31,166.  Victoria and Albert’s was a genuine loving marriage.  (England & Great Britain & Victoria & Art)  Jeremy Paxman, The Victorians II: Home Sweet Home

 

31,167.  Keeping a mistress wasn’t unusual.  In William Holman Hunt’s scandalous picture The Awakening Conscious a man canoodles with his mistress in their love nest.  (England & Great Britain & Affairs & Art & Victorian)  ibid.

 

31,168.  In London in 1857 it is estimated there is one prostitute for every twenty-five men.  And many of their clients were married.  Sexually transmitted diseases were rife.  (England & Great Britain & Prostitute & Art & Victorian)  ibid.

 

31,169.  Sherry, Sir: William Powell Frith.  (England & Great Britain & Art & Victorian)  ibid.  painting of content servants

 

31,170.  There were some whose place would never be comfortable. (England & Great Britain & Art & Victorian)  ibid.

 

31,171.  The Governess: Richard Redgrave.  (England & Great Britain & Art & Victorian)  ibid.  painting of sad servant

 

31,172.  An Anxious Hour: Fanny Farmer.  (England & Great Britain & Art & Victorian)  ibid.  painting of dying child

 

31,173.  Young Frederick Asleep At Last: George Elgar Hicks.  (England & Great Britain & Art & Victorian)  ibid.

 

31,174.  The Doctor: Luke Fildes.  (England & Great Britain & Art & Victorian)  ibid.  doctor by bed of dying child

 

31,175.  Hushed: Frank Holl.  (England & Great Britain & Art & Victorian)  ibid.

 

31,176.  In reality children had never been more vulnerable.  This was the great age of epidemic: tuberculosis, scarlet fever and typhoid killed thousands of children every year.  No amount of money or prayer could keep death from the door.  (England & Great Britain & Disease & Children & Art & Victorian)  ibid.

 

31,177.  She was what the Victorians called a baby farmer ... In the case of Amelia Dyer she never kept.  Over the space of thirty years she took in more than fifty babies and she killed them all.  (England & Great Britain & Murder: Dyer & Art & Victorian)  ibid.

 

31,178.  Found Drowned by G F Watts is an almost religion vision of the fallen woman.  Stretched out like a martyr to Victorian morality ... Her body is bathed in a warm light.  Set against a cold uncaring world.  A single light shines down on her ... It’s title was taken from a regular column in The Times newspaper which listed the number of women who had thrown themselves into the Thames.  (England & Great Britain & Art & Suicide & Victorian)  ibid.

 

31,179.  The Outcast.  Richard Redgrave.  (England & Great Britain & Art & Victorian)  ibid.

 

31,180.  In Past And Present Augustus Leopold Egg shows a wife prostrated before her husband begging for forgiveness ... In his hand he holds a letter he has intercepted from his wife’s lover.  (England & Great Britain & Art & Victorian)  ibid.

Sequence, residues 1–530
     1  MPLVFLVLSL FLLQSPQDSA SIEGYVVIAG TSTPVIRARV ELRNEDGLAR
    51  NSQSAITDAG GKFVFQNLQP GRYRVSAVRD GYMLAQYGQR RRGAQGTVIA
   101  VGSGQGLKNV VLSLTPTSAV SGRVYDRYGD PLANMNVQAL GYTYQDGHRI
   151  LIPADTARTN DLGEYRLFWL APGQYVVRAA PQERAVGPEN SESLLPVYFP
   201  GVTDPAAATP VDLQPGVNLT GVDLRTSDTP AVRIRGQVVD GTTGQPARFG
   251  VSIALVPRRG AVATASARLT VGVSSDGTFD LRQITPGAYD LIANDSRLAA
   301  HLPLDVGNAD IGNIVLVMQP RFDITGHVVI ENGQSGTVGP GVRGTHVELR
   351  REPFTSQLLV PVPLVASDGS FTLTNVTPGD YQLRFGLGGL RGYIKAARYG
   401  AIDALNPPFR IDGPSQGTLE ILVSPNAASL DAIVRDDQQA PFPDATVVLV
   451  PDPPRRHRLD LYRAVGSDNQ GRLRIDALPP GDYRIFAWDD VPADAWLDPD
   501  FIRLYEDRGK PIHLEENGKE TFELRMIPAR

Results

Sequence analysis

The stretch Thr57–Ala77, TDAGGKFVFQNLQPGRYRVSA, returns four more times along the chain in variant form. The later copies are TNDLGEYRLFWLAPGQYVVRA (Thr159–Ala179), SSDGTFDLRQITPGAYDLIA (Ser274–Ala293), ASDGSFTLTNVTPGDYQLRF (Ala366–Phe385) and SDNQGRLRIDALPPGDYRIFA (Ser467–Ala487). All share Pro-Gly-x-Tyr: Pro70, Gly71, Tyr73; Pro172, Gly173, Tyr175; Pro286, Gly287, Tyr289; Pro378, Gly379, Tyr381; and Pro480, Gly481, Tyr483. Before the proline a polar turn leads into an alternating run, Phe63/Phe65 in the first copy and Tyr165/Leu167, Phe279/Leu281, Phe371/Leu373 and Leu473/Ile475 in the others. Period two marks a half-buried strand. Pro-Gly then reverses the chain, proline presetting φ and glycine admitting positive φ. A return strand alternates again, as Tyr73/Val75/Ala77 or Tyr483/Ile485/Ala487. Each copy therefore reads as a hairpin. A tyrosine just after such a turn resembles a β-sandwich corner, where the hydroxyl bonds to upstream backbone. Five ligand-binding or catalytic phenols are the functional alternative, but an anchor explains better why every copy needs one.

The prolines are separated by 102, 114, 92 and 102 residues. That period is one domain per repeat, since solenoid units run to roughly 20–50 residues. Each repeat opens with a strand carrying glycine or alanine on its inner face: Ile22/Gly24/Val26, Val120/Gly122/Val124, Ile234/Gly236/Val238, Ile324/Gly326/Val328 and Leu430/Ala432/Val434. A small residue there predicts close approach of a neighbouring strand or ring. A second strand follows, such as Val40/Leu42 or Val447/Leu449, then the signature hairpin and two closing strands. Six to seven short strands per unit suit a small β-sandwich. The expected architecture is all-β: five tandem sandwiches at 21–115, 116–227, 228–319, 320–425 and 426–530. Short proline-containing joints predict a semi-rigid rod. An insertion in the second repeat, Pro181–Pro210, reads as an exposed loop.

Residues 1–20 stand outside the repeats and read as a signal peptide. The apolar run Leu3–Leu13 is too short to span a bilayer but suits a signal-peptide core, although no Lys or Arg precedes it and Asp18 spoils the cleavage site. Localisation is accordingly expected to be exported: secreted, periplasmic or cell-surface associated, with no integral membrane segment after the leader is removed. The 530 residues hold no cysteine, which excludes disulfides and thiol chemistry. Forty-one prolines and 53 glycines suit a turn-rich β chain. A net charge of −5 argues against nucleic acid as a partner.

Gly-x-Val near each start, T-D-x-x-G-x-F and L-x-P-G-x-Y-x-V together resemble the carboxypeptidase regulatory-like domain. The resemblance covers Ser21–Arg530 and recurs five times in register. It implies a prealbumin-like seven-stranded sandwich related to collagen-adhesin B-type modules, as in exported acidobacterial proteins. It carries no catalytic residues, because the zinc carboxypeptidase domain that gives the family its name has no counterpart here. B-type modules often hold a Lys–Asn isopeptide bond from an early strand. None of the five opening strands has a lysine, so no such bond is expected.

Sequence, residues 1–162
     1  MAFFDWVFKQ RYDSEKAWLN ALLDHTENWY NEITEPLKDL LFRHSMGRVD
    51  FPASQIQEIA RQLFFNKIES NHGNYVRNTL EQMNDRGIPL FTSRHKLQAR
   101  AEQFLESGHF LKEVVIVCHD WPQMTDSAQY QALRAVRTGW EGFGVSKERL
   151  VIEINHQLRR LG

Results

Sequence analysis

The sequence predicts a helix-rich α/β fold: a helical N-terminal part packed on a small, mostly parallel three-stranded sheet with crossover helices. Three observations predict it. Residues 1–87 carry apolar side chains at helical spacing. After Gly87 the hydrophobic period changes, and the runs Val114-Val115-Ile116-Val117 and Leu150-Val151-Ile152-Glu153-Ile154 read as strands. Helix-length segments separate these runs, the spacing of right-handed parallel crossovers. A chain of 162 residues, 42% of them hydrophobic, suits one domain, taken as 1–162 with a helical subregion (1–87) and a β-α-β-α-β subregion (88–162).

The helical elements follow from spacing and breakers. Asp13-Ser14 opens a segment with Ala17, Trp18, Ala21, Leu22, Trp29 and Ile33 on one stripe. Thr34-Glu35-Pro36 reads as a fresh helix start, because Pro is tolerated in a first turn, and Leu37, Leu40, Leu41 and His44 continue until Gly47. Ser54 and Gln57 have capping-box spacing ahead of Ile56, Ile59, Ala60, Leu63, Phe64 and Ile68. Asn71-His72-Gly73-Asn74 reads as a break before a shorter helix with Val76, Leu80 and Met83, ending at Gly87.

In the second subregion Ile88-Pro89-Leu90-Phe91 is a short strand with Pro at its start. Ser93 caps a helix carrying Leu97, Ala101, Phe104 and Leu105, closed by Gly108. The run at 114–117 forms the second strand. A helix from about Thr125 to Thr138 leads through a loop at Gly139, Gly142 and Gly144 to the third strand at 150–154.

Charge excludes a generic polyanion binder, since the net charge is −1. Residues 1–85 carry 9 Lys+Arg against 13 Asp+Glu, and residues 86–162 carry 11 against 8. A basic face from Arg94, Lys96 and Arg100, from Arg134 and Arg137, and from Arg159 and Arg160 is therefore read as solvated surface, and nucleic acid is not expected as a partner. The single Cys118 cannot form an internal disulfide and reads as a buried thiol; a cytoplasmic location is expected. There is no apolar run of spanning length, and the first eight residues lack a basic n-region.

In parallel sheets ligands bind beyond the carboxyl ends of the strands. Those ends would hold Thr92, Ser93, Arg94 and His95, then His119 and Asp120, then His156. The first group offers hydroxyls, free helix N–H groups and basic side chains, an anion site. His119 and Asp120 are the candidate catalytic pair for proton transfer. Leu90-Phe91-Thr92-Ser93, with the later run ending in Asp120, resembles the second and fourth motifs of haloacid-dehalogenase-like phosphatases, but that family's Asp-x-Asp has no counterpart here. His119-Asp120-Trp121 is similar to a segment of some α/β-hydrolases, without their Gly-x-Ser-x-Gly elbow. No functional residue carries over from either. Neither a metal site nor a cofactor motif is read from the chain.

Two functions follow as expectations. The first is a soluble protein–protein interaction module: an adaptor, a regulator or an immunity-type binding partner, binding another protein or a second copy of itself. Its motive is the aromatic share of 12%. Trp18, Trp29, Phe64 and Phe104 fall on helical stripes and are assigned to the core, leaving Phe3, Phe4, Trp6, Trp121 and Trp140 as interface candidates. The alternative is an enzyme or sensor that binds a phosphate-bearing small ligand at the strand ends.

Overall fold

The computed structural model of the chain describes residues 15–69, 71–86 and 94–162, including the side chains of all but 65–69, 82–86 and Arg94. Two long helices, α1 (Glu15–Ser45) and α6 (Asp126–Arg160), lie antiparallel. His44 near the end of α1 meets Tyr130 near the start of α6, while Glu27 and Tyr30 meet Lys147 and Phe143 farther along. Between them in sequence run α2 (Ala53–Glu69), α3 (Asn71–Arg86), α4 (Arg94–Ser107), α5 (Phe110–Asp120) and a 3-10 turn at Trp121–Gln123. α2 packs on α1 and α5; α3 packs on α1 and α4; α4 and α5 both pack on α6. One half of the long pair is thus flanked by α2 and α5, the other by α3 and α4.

31,181.  Two more paintings accompany the main picture ... The sins of the mother have been visited on the next generation.  In the final painting the destitute mother lies huddled alone under an arch cradling the illegitimate child that is the product of her affair.  (England & Great Britain & Art & Victorian)  ibid.

 

31,182.  For a woman it was all too often a prison.  Painters showed the Victorian wife bound by law, by convention, by religious teaching.  Even by the clothes she wore.  (England & Great Britain & Woman & Art & Victorian)  ibid.

 

 

31,183.  May 1st 1851 ... Hyde Park London: from the Earth rose a vast glittering Crystal Palace made of glass and cast iron ... It took the world’s breath away ... One picture captured the significance of that day: The First of May 1851 Franz Winterhalter.  (England & Great Britain & Building & Art & Victorian)  Jeremy Paxman, The Victorians III: Having It All

 

31,184.  Sheffield was Steel City.  At the time of the Great Exhibition it produced half the quantity of steel produced in the entire world ... Five million tons in 1900.  (England & Great Britain & Steel & Industrial Revolution & Art & Victorian)  ibid.

 

31,185.  Industry of the Tyne: William Bell Scott.  (England & Great Britain & Art & Victorian)  ibid.

 

31,186.  His factory on the Tyne became Britain’s largest manufacturer of guns and warships.  With the profits of war Armstrong built his very own stately home ... In 1887 he became Baron Armstrong.  (England & Great Britain & Manufacturing & Factory & Arms & Victorian)  ibid.

 

31,187.  Just six hundred men charged into the valley against five thousand Russian soldiers and their artillary.  (England & Great Britain & Crimean War & Art & Victorian)  ibid.

 

31,188.  The Roll Call: Lady Elizabeth Butler.  (England & Great Britain & Art & Victorian)  ibid.

 

31,189.  One foreign minister described his government’s policy in the 1870s as 'Fortify Occupy Grab and Brag'.  (England & Great Britain & Foreign Relations UK & Empire UK & Art & Victorian)  ibid.   

 

31,190.  Hard Times.  Hubert von Herkomer.  (England & Great Britain & Art & Victorian)  ibid.